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Here, we have provided some materials for teachers and students who want to discuss some of the important issues surrounding Penn State's sex abuse scandal.

Identity, Place, and Culture

Does this crisis solidify beliefs we already had, potentially destroy them, or ask us to reexamine them? What do people mean when they present the actions of University officials as beholden to “Big Football”? Does “Penn State Pride” simply mean too many different things to too many different people?

Penn State Alum Michael Weinreb’s recent contributions to the online sports magazine and blog Grantland (owned by EPSN): Growing Up Penn State

Chuck Raasch’s USA Today article on Penn State being “Too big to fail”: Penn State is Just Another Too-Big-To-Fail

NY Times on the Cocoon of Football: The Dangerous Cocoon of King Football

Here is a blog entry from Meg Fowler, a Boston-based writer who has worked with child-related nonprofits, about the importance—and the real difficulty—of thinking about responsibility in advance: Bearing Responsibility

Here is piece from Denise Grollmus, a Penn State MFA student, entitled, "Joe Paterno Fired: The Danger of Making Gods Out of Men"

There has been vociferous criticism of Joe Paterno, Mike McQueary, Graham Spanier, and others for not taking action and speaking up more forcefully and immediately about whatever they might have known (or in the case of McQueary, what he witnessed). There are also those who remind us about how what happened at Penn State is part of a larger narrative of under-reporting sexual abuse. A recent BBC article explains, for instance, that the tendencies to under-report criminal behavior like sexual abuse stems from “self-preservation, denial and fear.” Read the entire BBC article here.

Questions about Identity, Place and Culture

  • While rhetorics of blame will likely continue to circulate in the media, we have an opportunity to look inward and ask ourselves what is taboo in the Penn State culture. Have you ever questioned an accepted community practice, value, or thought but felt hesitant to speak up about it? Even if you don’t have particular critiques, can you identify situations in which others might not feel comfortable to speak up?
  • As you think about these situations or community taboos, you might also think about ways that the student body, administrators, faculty, or other Penn State stakeholders might open up spaces for alternate positions. What can we do as a community to help foster the ability to move past feelings of “self-preservation, denial and fear”?

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Actions, Symbolic and Otherwise

What are the available symbolic responses in the midst of this scandal? So far we have seen a “riot” (which included the overturning of a news vehicle), a vigil for the victims, a vigil at Joe Paterno’s statue and a march to his house, protests with signs (some of which could be seen the night of the riot), blog posts, tweets, facebook posts, etc. Why did a group of Penn State students riot? Why did additional students attend as onlookers? What messages do these actions send? What values do they promote? Who is the intended audience? Who ended up being the actual audience? What other responses were overshadowed by the riot?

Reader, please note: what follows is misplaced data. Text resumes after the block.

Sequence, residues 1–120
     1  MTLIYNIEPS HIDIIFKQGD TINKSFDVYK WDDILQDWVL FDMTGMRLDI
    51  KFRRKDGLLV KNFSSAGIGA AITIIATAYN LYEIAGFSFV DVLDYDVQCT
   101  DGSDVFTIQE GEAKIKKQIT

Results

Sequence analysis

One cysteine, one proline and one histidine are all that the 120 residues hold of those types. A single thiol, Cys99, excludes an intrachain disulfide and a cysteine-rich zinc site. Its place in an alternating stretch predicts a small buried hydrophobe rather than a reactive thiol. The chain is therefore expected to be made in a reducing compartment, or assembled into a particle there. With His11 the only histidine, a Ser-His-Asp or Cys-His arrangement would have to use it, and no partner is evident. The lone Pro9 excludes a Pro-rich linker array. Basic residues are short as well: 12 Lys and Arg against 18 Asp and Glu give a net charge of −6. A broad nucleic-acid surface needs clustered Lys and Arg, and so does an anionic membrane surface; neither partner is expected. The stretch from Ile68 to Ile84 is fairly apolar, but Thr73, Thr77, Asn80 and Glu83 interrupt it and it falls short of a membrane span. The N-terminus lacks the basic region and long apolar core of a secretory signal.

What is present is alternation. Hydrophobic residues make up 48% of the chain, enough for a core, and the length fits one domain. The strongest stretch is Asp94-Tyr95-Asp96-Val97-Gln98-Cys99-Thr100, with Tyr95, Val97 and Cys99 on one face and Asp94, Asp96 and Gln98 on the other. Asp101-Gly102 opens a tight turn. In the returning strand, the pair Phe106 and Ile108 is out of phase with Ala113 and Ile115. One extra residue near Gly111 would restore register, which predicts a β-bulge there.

Discourse and Listening

This Penn State Student Rally video is of a Penn State student speaking in front of a rally on Old Main steps. He argues passionately for holding our leaders accountable, beginning: “This is not about Joe Paterno. This is not about Graham Spanier. This is about these kids and holding our leaders accountable.” In the two-minute speech, he is interrupted by students in the audience who call attention to his Dorsett jersey (Tony Dorsett played for the University of Pittsburgh), boos from the crowd, shouts for supporting Paterno, and jeers. Other students at the rally, however, call for the importance of listening, valuing the marketplace of ideas, and asking if booing is what “we are about.”


In the wake of the scandal, classrooms at Penn State were particularly charged. One literature professor assigned a poem about "punishment" that took on eerie new significance when read the day after Joe Paterno was fired by the Board of Trustees. Comparative Literature Professor Sophia McClellan published this piece about teaching The Kite Runner during that same time frame: Teaching The Kite Runner at Penn State

Questions About Learning in the Midst of Crisis

  • How did this event intensify class material for you?
  • Are there particular texts (literary or otherwise) you have read in past classes that you found yourself returning to to help "make sense" of the whole thing?
  • Do imaginative texts help us work through political action and individual response?



Was the “riot” a riot? How can we, as members of this community, describe what happened in our own terms?

Michael Weinreb’s piece on the “Culture of Unrest” at Penn State talks about rioting. Weinreb leaves readers with a call to action: “I can only hope that what took place last night was the raging against the dying of that light, and that we will reexamine every aspect of the culture we’ve fostered--including these silly Beaver Canyon gatherings--and that someday our community will be whole again.” Do you agree with Weinreb’s appeal for change? If so, what are alternative ways to find voice/expression/response at a time of collective crisis?